From bustling streets to lockdown: Bangladesh and the UN mobilize to fight COVID-19
The capital city of Bangladesh, Dhaka, where I have been living and working for the past three years, is normally a bustling and fast-paced metropolis of some 18 million people, animated by street life and high-end restaurants, expensive cars and rickshaws, culture, fashion, slums, the call to prayer sounding from loudspeakers.
But as I write this, the hospitable and warm Dhakanites are at home, the roads are virtually empty, the city is quiet. I can hear a beggar asking for money on the street where I live. That is a first during my time in Dhaka. One of the most densely populated countries in the world is preparing to fight COVID-19, the virus which has wreaked havoc and death around the world.
With half of the global population in some form of lockdown, the virus is moving from developed countries with functioning healthcare systems to densely populated countries with weak healthcare systems. By all measures, Bangladesh is one of the countries that is of concern, but we need to react with calm and reasoning; panic will only compound the challenges.
We have all learned a new vernacular; imported cases, cluster of cases, community transmission. Bangladesh is now at early stages of community transmission, with the virus spreading from person-to-person. The present lockdown and physical distancing measures taken by the Government offer a window to strengthen the readiness of the healthcare sector.
The UN has seized this opportunity and been working with government counterparts to mobilize resources to respond to the pandemic; from procuring vital personal protection equipment (PPE) to protect healthcare workers, training healthcare workers, scaling up testing, contact tracing and isolation and ensuring food security during lockdowns.
We are playing a key role by supporting government communications efforts to reach households with accurate, potentially lifesaving information about COVID-19. The false and baseless information about preventing COVID-19 which has spread through some communities here, is putting lives at risk.
High income and low-income countries are facing this crisis simultaneously, an unprecedented situation in modern times. They are competing for the same supplies as global delivery chains break down and as the shortage of medical equipment and supplies worsens. This calls for innovative and local solutions where possible.
Bangladesh is in the fortunate position of having strong manufacturing and private sectors which can be mobilized to fill gaps in the production of essential supplies including hygiene products. Civil society has mobilized swiftly and multiple networks of volunteers have stepped up their effort to support vulnerable groups. I’m not only referring to BRAC, an international development organization based in Bangladesh, but to a myriad of NGOs working at the grassroots level as trusted partners, raising awareness, delivering food to those who need it most and monitoring the delivery of services. And crucially, drawing attention to stigma and discrimination before it’s too late. As always, NGOs and civil society are key partners in the response.
Safety nets and additional support
Bangladesh has a thriving private sector, a growing middle class, and is a country known for development innovation, but self-isolation at home, which is the best way to fight this pandemic, is a luxury many can ill afford. The Government was quick to announce extra support in addition to existing social safety nets, especially food, for those struggling during the lockdown. In the short-term, the UN is working with the Government to ensure those relying on a daily wage and working in informal economies have food on the table during this uncertain lockdown period. In the long-term, we are working with government counterparts on an early socio-economic recovery to ensure development goals can still be reached and peoples’ livelihoods protected.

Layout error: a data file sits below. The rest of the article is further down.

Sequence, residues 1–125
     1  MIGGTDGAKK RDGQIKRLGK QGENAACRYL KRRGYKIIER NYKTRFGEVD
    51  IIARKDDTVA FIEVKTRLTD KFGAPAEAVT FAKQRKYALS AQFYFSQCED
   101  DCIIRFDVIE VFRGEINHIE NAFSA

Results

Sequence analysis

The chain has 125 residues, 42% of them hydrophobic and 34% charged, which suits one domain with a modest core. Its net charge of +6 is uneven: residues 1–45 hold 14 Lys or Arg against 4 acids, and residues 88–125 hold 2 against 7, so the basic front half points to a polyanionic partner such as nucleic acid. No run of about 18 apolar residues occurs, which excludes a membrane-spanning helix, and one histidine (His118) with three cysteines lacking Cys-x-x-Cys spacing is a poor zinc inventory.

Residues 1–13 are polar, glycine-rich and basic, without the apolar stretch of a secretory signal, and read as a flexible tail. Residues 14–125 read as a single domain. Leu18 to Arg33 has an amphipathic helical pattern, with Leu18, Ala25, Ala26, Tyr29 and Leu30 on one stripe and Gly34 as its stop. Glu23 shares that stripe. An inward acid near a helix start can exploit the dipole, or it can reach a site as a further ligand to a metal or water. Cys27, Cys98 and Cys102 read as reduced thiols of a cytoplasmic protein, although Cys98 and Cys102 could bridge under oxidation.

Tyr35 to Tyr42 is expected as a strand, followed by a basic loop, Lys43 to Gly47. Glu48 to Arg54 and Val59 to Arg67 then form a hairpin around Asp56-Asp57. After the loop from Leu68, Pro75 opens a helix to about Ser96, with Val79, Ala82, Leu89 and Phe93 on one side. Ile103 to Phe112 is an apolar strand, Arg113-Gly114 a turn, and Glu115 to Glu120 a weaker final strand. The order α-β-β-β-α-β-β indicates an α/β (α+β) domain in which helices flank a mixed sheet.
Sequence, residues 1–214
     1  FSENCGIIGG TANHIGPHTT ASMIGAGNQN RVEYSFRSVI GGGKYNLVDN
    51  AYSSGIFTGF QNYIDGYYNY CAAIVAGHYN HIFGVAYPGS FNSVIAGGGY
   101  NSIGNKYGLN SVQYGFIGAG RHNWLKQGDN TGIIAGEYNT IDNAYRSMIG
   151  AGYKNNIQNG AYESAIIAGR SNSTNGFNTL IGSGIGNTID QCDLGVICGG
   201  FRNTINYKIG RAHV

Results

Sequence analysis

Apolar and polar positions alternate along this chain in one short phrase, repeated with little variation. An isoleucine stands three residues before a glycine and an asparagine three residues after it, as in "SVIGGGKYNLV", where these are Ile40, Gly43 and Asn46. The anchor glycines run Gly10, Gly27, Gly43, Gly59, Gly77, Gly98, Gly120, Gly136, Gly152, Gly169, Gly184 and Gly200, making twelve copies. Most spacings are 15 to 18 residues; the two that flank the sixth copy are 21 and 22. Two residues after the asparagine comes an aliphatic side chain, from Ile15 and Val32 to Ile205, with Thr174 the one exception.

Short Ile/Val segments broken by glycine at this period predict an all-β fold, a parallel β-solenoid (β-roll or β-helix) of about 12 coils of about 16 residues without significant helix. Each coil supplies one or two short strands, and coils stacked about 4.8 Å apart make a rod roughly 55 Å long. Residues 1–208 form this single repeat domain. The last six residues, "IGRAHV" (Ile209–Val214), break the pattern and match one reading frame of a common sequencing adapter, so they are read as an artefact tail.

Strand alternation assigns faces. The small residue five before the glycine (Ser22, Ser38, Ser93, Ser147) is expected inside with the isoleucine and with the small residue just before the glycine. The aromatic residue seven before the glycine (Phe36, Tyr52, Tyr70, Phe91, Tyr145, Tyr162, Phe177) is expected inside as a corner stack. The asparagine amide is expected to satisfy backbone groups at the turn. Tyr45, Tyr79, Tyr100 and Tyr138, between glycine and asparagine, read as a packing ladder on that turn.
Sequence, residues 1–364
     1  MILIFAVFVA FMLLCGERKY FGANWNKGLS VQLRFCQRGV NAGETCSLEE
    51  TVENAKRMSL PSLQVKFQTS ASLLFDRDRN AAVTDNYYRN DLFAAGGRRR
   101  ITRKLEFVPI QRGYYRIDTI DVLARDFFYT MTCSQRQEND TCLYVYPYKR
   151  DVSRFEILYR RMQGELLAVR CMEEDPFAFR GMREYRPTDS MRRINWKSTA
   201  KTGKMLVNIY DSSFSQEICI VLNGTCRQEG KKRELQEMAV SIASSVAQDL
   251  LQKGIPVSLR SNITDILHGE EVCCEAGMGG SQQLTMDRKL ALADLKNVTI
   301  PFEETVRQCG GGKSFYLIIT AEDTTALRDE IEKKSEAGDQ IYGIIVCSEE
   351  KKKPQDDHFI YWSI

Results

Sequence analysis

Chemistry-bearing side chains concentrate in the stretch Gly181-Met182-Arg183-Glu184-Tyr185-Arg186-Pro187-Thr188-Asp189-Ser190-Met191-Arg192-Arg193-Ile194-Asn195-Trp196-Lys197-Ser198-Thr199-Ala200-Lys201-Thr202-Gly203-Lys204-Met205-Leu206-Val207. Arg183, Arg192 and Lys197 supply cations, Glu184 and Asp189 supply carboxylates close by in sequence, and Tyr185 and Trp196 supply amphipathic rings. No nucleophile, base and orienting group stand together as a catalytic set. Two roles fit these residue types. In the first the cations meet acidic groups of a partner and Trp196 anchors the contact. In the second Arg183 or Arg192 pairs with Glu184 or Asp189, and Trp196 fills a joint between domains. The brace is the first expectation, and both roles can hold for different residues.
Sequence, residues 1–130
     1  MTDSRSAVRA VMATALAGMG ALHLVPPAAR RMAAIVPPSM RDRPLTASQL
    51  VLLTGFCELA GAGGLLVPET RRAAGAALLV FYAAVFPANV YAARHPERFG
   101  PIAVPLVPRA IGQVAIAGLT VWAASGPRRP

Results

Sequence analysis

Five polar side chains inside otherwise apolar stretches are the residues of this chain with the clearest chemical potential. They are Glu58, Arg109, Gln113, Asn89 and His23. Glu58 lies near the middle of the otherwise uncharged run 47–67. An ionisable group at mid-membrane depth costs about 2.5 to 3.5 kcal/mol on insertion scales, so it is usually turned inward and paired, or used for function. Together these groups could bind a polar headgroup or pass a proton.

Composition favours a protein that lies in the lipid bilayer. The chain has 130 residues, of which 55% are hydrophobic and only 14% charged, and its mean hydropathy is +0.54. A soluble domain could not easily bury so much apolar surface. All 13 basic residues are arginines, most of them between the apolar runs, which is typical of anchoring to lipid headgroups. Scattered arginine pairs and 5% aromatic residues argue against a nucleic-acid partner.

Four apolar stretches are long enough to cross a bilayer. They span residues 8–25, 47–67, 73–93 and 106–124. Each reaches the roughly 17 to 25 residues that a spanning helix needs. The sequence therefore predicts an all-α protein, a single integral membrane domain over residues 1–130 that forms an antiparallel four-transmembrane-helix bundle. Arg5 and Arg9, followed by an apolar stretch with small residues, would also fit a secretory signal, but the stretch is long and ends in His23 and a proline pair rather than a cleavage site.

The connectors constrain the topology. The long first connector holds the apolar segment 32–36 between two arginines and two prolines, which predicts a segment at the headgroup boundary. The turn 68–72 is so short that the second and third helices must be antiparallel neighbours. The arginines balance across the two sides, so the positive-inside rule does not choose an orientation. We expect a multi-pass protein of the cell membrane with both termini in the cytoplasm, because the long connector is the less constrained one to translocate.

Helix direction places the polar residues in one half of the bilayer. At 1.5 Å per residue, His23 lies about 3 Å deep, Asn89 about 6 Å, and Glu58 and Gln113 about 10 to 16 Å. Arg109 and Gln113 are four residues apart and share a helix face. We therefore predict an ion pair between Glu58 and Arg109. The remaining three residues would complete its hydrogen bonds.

The ready-made garment sector, responsible for 80 per cent of Bangladesh’s export earnings and which brings millions of female workers into the formal economy, has also been hit hard. It isn’t only about the economics though. For women in abusive relationships, being confined at home in times of anxiety and uncertainty increases the risks of domestic violence.
We are prioritising gender-based violence services in COVID-19 affected communities and an expansion of services to prevent and respond to cases of gender-based violence; more shelters, dedicated counselling hotlines, and psychosocial support. In times like this, people living in already vulnerable situations become even more vulnerable and any response needs to ensure that no one is left behind. We need to ensure that the needs of women and the informal sector are considered in recovery plans.
Kindness, compassion and fearlessness
No one knows how the next few months will play out globally or in the countries where we live and work. What we do know, is that any response to this pandemic is only as strong as its weakest link, the weakest health system. It’s more important than ever for communities, both local and global, to join together in kindness, compassion, and solidarity, so we can support each other through this crisis. We may come out of it bruised, but I hope also committed to building a better world.
Let me close with the words of Bangladesh’s Nobel laureate, Rabindranath Tagore: “Let us not pray to be sheltered from dangers, but to be fearless when facing them.” And fearless and determined we must be.
To view the originally published article on UN News, click here.